Keeping harmony with bears

The fates of bears often hang in limbo, especially when natural food sources become scarce. Homeowners can do these wild animals a service by removing common attractants around their property such as: trash, pet food and bird feeders. Without proper incentive to roam urban areas in search of an easy meal, the bears will most likely return to their natural habitat.
Mike McLaughlin/SUIT Lands Division

 

This year the Southern Ute Tribal Wildlife Division has been taking an unprecedented number of calls from tribal members regarding nuisance bears on the reservation. Typically the calls revolve around a bear getting into a trash cart that has not been secured and kept out of reach of bears or other wildlife.

Trash is a major attractant to bears, especially this time of year. We are just a couple of months away from the bears going into hibernation, so they are trying to consume as many calories as possible at this time.

2017 has seen natural food sources crash. Acorns, chokecherries and a variety of berries are simply not available to bears in the quantities they need. Therefore they are turning to trash, grills, bird feeders, pet food and anything else they can get from human sources.

There is confusion about what the Tribal Wildlife Division’s response should be to a “bear in trash” call. It is the homeowner’s responsibility to keep attractants out of reach of bears and all other wildlife. In the overwhelming majority of cases, if an attractant is taken away, the animals will move on.

When the Wildlife Division gets a call that a bear was in a tribal member’s trash, the first response will always be to discuss how the trash is being stored. The expectation is that all trash, as well as all other potential attractants, must be secured out of the reach of animals. A lockable shed, garage or outbuilding is a good option for storage, and only bring the trash out on the morning of pick-up. If secure areas aren’t available, then trash can be taken to the Tribal Transfer Station as it is produced.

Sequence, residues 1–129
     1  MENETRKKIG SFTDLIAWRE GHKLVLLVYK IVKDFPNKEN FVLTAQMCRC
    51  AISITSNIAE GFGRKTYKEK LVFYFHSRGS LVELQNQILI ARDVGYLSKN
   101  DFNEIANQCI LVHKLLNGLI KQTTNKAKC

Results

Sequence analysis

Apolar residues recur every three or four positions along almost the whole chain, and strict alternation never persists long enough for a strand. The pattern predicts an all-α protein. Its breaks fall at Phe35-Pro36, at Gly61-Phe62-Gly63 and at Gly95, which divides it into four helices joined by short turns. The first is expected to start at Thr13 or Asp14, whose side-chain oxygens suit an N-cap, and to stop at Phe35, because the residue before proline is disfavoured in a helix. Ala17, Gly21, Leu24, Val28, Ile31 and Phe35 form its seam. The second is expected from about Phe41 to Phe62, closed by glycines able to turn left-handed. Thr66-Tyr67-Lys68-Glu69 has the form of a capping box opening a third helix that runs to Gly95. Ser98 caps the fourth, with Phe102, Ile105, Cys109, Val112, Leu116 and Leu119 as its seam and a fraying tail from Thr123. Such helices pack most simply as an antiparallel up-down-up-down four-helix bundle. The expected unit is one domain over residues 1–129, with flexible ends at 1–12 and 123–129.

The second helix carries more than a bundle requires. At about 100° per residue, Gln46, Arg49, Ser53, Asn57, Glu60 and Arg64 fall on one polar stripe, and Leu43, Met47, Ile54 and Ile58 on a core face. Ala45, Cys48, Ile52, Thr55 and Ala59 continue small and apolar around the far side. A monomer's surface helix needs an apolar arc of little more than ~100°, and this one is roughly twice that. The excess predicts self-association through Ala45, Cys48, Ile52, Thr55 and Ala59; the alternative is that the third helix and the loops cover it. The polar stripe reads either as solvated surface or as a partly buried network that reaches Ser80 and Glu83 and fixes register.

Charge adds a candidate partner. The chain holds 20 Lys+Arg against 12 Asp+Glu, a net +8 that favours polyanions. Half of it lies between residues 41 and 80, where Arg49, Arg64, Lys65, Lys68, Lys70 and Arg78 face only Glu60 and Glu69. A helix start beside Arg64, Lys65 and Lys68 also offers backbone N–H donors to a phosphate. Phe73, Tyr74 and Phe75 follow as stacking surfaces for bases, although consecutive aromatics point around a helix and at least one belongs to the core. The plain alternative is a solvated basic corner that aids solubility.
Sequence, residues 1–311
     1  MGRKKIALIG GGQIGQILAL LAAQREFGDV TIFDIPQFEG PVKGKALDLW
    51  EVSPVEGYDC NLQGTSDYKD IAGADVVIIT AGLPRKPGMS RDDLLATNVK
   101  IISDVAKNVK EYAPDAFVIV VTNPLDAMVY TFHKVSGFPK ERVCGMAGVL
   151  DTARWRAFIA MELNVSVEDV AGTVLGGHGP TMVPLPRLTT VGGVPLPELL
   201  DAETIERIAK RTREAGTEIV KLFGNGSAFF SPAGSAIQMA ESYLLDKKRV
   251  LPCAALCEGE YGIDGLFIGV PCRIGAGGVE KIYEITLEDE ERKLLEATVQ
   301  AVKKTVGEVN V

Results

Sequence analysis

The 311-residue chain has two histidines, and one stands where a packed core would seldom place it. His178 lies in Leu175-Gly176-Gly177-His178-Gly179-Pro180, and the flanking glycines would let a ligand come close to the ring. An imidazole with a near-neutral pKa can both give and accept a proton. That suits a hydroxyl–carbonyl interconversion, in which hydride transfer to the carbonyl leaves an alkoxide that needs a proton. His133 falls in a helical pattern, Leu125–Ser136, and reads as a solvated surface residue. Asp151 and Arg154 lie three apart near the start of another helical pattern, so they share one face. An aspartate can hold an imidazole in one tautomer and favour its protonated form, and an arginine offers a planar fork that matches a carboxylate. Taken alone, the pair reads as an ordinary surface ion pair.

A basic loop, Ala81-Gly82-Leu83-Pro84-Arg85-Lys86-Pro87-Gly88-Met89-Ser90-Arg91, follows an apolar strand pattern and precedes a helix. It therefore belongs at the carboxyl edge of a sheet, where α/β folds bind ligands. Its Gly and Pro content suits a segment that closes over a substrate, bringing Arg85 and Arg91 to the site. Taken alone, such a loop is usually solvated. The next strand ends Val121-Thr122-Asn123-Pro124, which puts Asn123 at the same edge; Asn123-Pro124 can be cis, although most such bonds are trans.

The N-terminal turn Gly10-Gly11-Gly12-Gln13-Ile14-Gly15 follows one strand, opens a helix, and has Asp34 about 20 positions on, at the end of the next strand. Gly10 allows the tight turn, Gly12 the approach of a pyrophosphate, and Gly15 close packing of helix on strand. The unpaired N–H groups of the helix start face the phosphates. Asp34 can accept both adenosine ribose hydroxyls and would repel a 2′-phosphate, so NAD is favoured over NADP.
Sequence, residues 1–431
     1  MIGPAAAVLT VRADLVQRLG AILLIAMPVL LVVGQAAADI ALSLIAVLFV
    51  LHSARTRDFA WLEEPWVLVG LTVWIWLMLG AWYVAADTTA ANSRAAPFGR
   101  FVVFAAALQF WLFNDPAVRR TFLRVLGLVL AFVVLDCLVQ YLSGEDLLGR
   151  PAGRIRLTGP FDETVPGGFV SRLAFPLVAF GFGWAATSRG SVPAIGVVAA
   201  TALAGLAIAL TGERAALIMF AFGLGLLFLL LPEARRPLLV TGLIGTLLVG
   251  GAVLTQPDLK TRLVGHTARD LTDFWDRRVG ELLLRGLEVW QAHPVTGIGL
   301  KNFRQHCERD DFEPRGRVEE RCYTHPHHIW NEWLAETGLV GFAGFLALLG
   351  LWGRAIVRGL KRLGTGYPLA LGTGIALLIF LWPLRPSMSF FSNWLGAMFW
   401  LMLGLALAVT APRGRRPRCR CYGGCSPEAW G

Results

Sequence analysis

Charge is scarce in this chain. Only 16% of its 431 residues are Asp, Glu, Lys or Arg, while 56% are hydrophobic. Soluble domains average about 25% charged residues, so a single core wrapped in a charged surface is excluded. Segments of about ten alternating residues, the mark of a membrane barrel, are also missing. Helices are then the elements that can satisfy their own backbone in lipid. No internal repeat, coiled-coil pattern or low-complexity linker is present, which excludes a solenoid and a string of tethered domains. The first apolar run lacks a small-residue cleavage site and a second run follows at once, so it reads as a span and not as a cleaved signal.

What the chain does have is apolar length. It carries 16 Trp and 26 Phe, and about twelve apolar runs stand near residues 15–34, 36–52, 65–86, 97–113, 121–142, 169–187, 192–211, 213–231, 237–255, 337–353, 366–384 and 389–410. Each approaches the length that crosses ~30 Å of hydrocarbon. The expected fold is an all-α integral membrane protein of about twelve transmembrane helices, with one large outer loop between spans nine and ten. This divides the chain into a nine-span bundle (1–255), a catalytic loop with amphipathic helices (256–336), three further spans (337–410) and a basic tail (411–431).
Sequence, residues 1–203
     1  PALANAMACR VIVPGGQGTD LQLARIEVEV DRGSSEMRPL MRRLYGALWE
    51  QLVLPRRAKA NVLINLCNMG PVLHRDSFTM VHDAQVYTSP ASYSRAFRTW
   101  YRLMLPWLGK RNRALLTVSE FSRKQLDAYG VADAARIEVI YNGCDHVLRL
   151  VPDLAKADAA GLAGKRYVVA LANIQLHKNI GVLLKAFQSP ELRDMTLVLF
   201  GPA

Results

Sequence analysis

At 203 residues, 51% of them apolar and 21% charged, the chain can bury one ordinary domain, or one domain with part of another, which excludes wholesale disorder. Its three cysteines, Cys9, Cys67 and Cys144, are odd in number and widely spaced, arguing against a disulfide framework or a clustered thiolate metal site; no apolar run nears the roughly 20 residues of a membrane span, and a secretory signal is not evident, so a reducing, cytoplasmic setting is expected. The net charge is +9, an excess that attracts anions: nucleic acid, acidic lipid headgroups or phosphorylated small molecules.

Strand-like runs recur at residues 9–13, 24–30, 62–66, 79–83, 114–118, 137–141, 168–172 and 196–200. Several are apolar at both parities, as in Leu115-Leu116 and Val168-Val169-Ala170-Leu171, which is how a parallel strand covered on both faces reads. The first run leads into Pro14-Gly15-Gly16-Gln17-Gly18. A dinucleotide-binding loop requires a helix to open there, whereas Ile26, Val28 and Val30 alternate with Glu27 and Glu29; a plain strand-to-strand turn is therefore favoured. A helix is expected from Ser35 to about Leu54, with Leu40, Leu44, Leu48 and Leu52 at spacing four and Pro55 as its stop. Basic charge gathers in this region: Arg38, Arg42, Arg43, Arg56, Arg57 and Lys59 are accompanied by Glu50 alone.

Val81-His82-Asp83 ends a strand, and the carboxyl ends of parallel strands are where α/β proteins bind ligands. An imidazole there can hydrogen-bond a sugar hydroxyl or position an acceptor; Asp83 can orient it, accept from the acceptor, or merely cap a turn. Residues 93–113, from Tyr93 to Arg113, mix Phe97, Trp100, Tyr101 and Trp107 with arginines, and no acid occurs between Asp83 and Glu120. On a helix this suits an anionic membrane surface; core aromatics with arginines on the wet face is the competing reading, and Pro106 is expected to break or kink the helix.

Division staff are happy to visit with homeowners to evaluate ways to secure attractants and to recommend measures to eliminate potential sources of wildlife conflicts. Often times, callers to the Wildlife Division request the immediate trapping and removal of the bear. However, the Wildlife Division only uses removal and relocation as a final step. The reality is that if a bear is removed and the trash problem is NOT addressed, another bear will soon arrive to take advantage of the same attractants and the cycle starts over.

The Tribal Utilities Division is working with the local waste service provider to provide bear-proof carts to Southern Ute tribal members who want them. Used properly, a bear-proof trash cart will keep bears out of your trash.

Unfortunately, 2017 has been such a busy year with bears region-wide that these carts aren’t immediately available. Utilities and the Wildlife Division both encourage tribal members to call and get on a waiting list for a bear-proof cart. By next summer you’ll have one of these carts and will be on your way to bear-proofing your property.

We expect continuing bear activity in the Ignacio and surrounding areas over the next two months. Please do your part to keep your property cleaned up, for both you and your neighbors’ peace of mind. The reality is that this needs to be a neighborhood effort, but it starts with you.

Please call the Wildlife Division with any questions at 970-563-0130. Call the Utilities Division at 970-563-5500 to request a bear-proof trash cart.

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